What's new with Ruby
Wow! There have been big events in the Ruby universe recently. I’ll be writing about several of them over the next couple of weeks, but today I want to touch on one that gets pretty deeply into Ruby.
Ruby has a long history of test-infection, and has had unit testing tools in the standard library for quite a while. Nathaniel Talbott wrote test/unit and has maintained it ever since, but he’s not the only person deeply involved in unit testing with Ruby. Ryan Davis ,also known as zenspider, and Eric Hodel have done sme amazing work with ZenTest.
It turns out that Ryan (and probably Eric, it seems like they work on most projects together) are going to take over test/unit. It will be interesting to see where test/unit goes in the hands of these two test driven hackers. One thing that they’re promising is that it will be smaller (probably based on miniunit).
Good times indeed.
-- -pate http://on-ruby.blogspot.com
Fast/Flexible Linux OS Recovery
On Demand Now
In this live one-hour webinar, learn how to enhance your existing backup strategies for complete disaster recovery preparedness using Storix System Backup Administrator (SBAdmin), a highly flexible full-system recovery solution for UNIX and Linux systems.
Join Linux Journal's Shawn Powers and David Huffman, President/CEO, Storix, Inc.
Free to Linux Journal readers.Register Now!
- Sony Settles in Linux Battle
- Download "Linux Management with Red Hat Satellite: Measuring Business Impact and ROI"
- Libarchive Security Flaw Discovered
- Profiles and RC Files
- Maru OS Brings Debian to Your Phone
- Understanding Ceph and Its Place in the Market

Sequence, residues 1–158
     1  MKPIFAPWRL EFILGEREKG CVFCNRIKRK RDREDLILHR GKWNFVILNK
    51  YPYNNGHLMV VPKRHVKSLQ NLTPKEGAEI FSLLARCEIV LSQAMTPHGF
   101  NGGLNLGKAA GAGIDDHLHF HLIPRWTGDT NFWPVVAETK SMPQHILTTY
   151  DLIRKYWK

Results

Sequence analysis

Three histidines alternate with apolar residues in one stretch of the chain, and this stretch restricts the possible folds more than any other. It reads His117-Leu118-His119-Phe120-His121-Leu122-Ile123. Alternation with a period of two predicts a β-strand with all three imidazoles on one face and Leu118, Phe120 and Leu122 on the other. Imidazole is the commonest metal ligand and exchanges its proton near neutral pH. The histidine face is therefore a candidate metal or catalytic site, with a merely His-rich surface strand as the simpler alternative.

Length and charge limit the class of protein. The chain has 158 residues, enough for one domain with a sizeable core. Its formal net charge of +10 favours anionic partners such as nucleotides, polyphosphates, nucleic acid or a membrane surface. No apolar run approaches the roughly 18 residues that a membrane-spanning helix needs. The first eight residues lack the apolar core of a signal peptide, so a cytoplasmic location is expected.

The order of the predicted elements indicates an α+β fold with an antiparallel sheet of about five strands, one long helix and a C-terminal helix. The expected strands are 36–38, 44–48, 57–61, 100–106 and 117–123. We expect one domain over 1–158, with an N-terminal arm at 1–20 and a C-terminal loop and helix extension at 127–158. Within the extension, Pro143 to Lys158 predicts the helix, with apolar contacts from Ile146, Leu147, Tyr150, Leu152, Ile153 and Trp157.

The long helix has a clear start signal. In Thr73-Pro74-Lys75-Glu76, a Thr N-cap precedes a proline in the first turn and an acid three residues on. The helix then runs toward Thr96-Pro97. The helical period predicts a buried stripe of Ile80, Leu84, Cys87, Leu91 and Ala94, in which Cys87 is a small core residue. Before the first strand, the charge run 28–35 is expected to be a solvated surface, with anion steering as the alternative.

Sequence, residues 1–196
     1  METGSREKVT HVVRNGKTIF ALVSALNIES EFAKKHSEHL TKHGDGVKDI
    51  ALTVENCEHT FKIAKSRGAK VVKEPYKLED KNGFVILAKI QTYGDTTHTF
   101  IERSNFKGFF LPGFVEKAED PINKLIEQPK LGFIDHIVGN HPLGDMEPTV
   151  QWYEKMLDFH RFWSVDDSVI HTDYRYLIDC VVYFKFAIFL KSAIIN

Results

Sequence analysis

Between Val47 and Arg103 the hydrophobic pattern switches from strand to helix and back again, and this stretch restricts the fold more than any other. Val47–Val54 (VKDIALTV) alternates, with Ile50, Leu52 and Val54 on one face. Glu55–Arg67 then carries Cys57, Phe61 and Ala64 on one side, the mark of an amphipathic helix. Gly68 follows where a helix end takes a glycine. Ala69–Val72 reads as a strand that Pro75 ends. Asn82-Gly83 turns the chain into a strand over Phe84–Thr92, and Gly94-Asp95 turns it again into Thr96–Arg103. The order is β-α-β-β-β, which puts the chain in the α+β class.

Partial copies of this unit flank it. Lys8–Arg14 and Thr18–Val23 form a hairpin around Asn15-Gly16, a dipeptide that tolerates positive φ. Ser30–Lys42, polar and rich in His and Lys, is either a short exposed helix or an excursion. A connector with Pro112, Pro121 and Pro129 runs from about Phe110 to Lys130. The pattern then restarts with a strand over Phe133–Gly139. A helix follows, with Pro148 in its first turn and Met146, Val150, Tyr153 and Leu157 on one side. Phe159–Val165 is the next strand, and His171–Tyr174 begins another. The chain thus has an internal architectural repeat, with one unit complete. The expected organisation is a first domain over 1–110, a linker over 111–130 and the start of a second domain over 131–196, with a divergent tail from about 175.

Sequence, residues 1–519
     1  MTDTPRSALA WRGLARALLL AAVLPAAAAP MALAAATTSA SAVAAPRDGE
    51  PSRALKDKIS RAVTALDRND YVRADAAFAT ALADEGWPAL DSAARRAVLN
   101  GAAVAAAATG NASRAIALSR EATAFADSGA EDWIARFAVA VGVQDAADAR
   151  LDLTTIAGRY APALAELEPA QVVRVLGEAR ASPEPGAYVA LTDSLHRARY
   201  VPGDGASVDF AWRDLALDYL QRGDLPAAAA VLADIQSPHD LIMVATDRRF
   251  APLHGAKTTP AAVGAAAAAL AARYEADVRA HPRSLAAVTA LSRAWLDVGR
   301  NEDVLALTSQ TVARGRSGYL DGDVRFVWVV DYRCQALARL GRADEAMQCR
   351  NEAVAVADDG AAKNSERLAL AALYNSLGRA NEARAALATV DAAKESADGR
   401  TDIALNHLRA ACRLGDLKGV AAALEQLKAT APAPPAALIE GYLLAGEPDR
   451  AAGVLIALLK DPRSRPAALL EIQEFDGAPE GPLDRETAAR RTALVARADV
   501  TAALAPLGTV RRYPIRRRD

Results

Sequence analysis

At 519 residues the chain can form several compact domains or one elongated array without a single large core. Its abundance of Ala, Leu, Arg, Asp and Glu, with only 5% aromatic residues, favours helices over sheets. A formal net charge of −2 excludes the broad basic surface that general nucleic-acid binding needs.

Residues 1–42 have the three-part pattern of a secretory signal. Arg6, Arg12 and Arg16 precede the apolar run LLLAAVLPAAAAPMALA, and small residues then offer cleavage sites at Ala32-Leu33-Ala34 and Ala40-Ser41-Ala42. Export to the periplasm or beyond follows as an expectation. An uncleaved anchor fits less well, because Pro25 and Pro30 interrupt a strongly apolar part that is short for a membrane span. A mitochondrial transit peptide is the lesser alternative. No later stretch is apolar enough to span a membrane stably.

- Snappy Moves to New Platforms
- The Giant Zero, Part 0.x
- Git 2.9 Released
- Astronomy for KDE
With all the industry talk about the benefits of Linux on Power and all the performance advantages offered by its open architecture, you may be considering a move in that direction. If you are thinking about analytics, big data and cloud computing, you would be right to evaluate Power. The idea of using commodity x86 hardware and replacing it every three years is an outdated cost model. It doesn’t consider the total cost of ownership, and it doesn’t consider the advantage of real processing power, high-availability and multithreading like a demon.
This ebook takes a look at some of the practical applications of the Linux on Power platform and ways you might bring all the performance power of this open architecture to bear for your organization. There are no smoke and mirrors here—just hard, cold, empirical evidence provided by independent sources. I also consider some innovative ways Linux on Power will be used in the future.Get the Guide